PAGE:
Bridgeman Studio speak to artist Tom Hammick on his art practice, his new sci-fi themed series and his favourite artists
1. What is your earliest memory of an artwork and who was it by?
A book my Granny had in the attic of an American children’s book of paintings by Paul Klee. The blacks surrounding an iridescent fish from the deep. I was 2 years of and it was magical. And I remember it blowing my mind - like taking far too many magic mushrooms.
2. Where did you study?
In the halcyon days of full grants my education seemed to go on forever. I read Art History at The University of Manchester to start with in the early 80’s. (I had always wanted to be an artist but didn’t know where to start. It was a passion that had grown by writing about painting exhibitions on in London for the school magazine and through regular visits to the art department; not for any exam work, but just because time spend making an etching or attempting to paint, was for me the antidote to so much of the banality of school life.
3. What is your favourite time of day to be in your studio?
By necessity I make prints with my team in the day time for half the week in my London Studio. But I am by nature a night owl and my body clock prefers the silence and coolness of the evening and the night sky beyond. So when I paint for the other half of the week in East Sussex, I start around 8 pm and work through to the small hours.
4.Tell us about your new series Lunar Voyage, what was the inspiration behind this?
Lunar Voyage is in part an existential road journey taken into space. It had been a sequence of images kicking around in my head and on sketchbook pages for the last couple of years. I wanted to try to bring together a narrative that explored both the outsiderness of being an artist and the unique incompatibility of life on Earth. And literally leaving the world in order to look back on our planet seemed to be the only way I could investigate this sense of love and loss of ‘home’ in its broadest sense- something shared by all the early space travellers since the 60’s.
So the backdrop to the woodcuts is through my childhood passion for film and comics. I was brought up adoring Westerns as a child, and Sci-Fi has a pretty obvious connection to that genre where the frontier has just continued to expand outwards, upwards and off world. I think it is very difficult to paint now without being hugely influenced by film. It is the perfect medium for wonderment, for exploring ideas about time. And the style of particular groups of auteurs has always had a profound influence on my practice.
Hitchcock, Wenders, Malick, Kubrick, Goddard, Scott, Nolan, Powell and Pressburger to name a few off the top of my head have changed the way I look at the world, and the way I relate to the idea of the wanderer through landscape. For instance, Hitchcock’s design and minimalist vision is a useful hook for me and has helped me solve narrative problems in the work. Every frame, reduced to the barest essentials - a minimalist set conveying a sense of place, is the perfect stage for narrative and helps provide the ideas for a backbone for a figurative painting or print. I hope in these pruned down images of mine show this influence in getting down the basics for a composition.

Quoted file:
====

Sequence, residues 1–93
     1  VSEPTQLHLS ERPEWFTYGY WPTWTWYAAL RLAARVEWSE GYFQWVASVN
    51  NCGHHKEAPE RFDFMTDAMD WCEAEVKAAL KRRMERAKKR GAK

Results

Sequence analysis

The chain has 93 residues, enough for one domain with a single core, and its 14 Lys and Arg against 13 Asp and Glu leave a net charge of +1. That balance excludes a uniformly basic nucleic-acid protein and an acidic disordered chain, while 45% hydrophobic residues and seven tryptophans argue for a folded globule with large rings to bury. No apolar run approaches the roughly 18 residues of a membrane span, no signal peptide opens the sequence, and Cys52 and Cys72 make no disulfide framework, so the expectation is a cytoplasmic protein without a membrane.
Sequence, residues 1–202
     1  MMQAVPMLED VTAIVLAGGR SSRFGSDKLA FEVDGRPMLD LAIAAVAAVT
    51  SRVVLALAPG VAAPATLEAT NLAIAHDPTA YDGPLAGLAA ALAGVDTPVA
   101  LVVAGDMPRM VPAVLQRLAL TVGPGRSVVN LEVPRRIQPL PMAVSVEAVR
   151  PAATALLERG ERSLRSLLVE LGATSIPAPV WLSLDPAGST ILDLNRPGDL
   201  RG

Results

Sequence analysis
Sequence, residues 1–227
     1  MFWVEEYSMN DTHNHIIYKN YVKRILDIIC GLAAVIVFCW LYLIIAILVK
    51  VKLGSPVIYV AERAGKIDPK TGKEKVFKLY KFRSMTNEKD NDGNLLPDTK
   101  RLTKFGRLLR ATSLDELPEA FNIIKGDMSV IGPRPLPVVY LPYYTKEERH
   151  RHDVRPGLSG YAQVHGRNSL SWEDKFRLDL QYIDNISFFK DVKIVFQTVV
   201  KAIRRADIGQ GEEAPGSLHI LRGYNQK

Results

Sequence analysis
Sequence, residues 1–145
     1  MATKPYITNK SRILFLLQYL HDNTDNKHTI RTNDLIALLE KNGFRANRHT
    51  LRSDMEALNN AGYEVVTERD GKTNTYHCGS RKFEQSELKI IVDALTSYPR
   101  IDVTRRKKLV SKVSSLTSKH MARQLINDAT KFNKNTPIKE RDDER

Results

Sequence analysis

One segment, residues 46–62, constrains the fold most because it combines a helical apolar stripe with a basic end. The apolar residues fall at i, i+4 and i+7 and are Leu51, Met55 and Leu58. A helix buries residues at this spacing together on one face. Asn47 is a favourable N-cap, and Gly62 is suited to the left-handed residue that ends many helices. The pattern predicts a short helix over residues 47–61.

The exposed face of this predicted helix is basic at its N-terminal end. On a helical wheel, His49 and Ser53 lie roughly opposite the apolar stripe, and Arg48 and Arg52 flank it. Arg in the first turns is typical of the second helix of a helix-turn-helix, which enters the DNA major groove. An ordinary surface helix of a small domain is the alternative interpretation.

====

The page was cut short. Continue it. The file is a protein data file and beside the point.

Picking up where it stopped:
5. How do you find your printmaking practice runs alongside your painting practice? Do you find that one inspires the other?
I love both mediums and I take turns with each. I can no longer interweave them for a few days each week as I find the languages of each are too disparate for this quick turnaround. So this series took me a year to make, non-stop. I couldn’t do anything else. And I am now just about back to painting. But printmaking feeds the painting and vice-versa.
I find an image comes to mind faster with a print, and with woodcut there is liberation with the finality of a mark made on the plate. Painting morphs and slides and blends and anything goes. It needs therefore more discipline perhaps. And printmaking is less difficult than painting because the materials have some much of their own magic that I can hitch a lift on.
6. If you could pick 5 artists, dead or alive, to have dinner with who would they be and why?
Oh God, this is difficult.. there are so many! Piero della Francesca to put a personality to the man who painted all those extraordinary paintings. To meet the man who painted the sublime and peculiar Madonna del Parto.
Uccello for the same sort of reasons. So many of his paintings are iconographic enigmas but perfect. I’d definitely would have tried to buy his St George and the Dragon from him that we now have in the National Gallery. Ditto Pisanello’s Vision of St Eustace round the corner from the Uccello.
My friend, the sublime painter Amanda Vesey. She is my Aunt and my Godmum, and we don’t see each other nearly enough - but when we do we talk painting solidly.
Guston…. he is my heavyweight barometer.
Can I have a poet/painter? Elizabeth Bishop has inspired me more than anything, in the way she is both personal and writes about the big things and she speaks pure truth to me to my core. And she was a bloody good painter.
And Velazquez… His love. He is just the best for me.
I have snuck in 6. But would you allow me to have a larger dinner party? I need to invite Goya, Gwen John, Prunella Clough, Pete Doig, Bonnard, Matisse, Marsden Hartley, Phoebe Unwin, Susie Hamilton David Milne, Francis Bacon, Hiroshige and Degas. Gosh, what a mix!
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Tom Hammick's exhibition Lunography will be showing at the Flowers Gallery in New York from 24 October — 18 December 2017